The woman smiled and started to explain what she wanted, her hands moving around as she spoke. “We’re having a small retirement party at work. I think cupcakes make more sense than a cake, and it’s easier to deal with. I’d like to have them personalized in some way, but I have no idea how.”
It would be helpful if she could at least give Josh a hint of what she wanted. “Does the person retiring have a hobby? I don’t know—reading, golf, or maybe even grandkids? I could decorate the cupcakes in that theme. There’s not really an image that represents retirement, but we could go with something they like doing since they’ll have more time to do it once they’re off the job.”
The woman beamed. “Yes! She likes knitting. Always knits small Christmas presents for everyone.”
That was better than nothing. “Good. A knitting theme, then. Daisy said you’ll need a hundred cupcakes?” How many people worked in her office anyway? That sounded like a lot of cupcakes, even if people got two of them.
“Is that too much?”
“How many people are you expecting at the party?”
“Well, there are twenty of us on our floor, but the party isn’t a secret and people tend to sneak in, especially when your sweets are offered.”
Josh looked down and tried to ignore the way his cheeks heated. “You know better, of course, but with only twenty people supposed to attend and let’s say another ten crashing the party, I think we could go down to seventy. That’s still two cupcakes for every person, and you’ll have a few left, so if more people come they won’t go without.”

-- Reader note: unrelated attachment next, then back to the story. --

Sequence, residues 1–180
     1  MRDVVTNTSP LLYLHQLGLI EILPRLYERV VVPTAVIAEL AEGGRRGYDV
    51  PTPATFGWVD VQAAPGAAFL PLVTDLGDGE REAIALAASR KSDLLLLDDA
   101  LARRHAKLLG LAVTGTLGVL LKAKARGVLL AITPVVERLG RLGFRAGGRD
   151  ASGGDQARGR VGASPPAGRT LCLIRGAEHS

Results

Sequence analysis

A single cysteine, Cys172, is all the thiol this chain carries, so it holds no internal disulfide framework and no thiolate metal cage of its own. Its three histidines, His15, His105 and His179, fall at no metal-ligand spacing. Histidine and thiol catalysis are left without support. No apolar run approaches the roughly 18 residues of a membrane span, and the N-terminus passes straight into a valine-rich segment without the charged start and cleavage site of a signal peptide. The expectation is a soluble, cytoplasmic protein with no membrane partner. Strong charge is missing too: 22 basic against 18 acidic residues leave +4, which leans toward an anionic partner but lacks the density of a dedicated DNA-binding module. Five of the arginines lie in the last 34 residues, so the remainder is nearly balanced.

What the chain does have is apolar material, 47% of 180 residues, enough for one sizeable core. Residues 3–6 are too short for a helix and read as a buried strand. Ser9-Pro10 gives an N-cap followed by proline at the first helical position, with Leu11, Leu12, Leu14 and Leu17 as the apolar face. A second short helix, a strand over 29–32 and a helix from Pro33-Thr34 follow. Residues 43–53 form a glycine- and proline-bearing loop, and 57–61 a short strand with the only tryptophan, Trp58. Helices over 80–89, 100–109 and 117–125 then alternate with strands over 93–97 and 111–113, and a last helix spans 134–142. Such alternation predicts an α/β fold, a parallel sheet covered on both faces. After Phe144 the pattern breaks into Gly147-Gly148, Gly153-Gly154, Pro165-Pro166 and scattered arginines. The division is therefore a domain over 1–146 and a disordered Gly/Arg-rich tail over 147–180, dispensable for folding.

“Oh, of course. Seventy is fine, I suppose, and it’ll be easier for you. I know I should have come sooner, and I intended to, but work has been so busy lately.”
“I understand.” Josh really did. He knew better than anyone how busy work could get. His personal life was on the back burner, had been since he’d opened the bakery. He didn't mind much—he didn’t have boyfriends, couldn’t have them, and his friends came by often enough that he didn’t miss them much. He did miss his brother, though, and Calvin was just as busy as he was. Maybe Josh should take up his offer of having dinner with him and Alex one night. He always said Josh could come by whenever he wanted to, but Josh almost never took him up on his offer.
He was too scared of finding Brian there.
Josh shook his head and focused on the woman in front of him and his job. He couldn’t think about Brian, especially not at work. Thinking about him always ended in tears and moping, and Josh couldn’t afford to be anything but smiling—or as smiling as he could be—when he was in the front of the shop.
He nodded at whatever she was saying and scribbled down a few notes, but he already knew what he was going to do. It wouldn’t be too hard to create enough knitting needles, maybe some wool, especially now that the number of cupcakes he’d have to bake had been nearly halved.
“Would it be a problem if I picked them up early?” the woman—Josh really had to make sure he got her name—asked.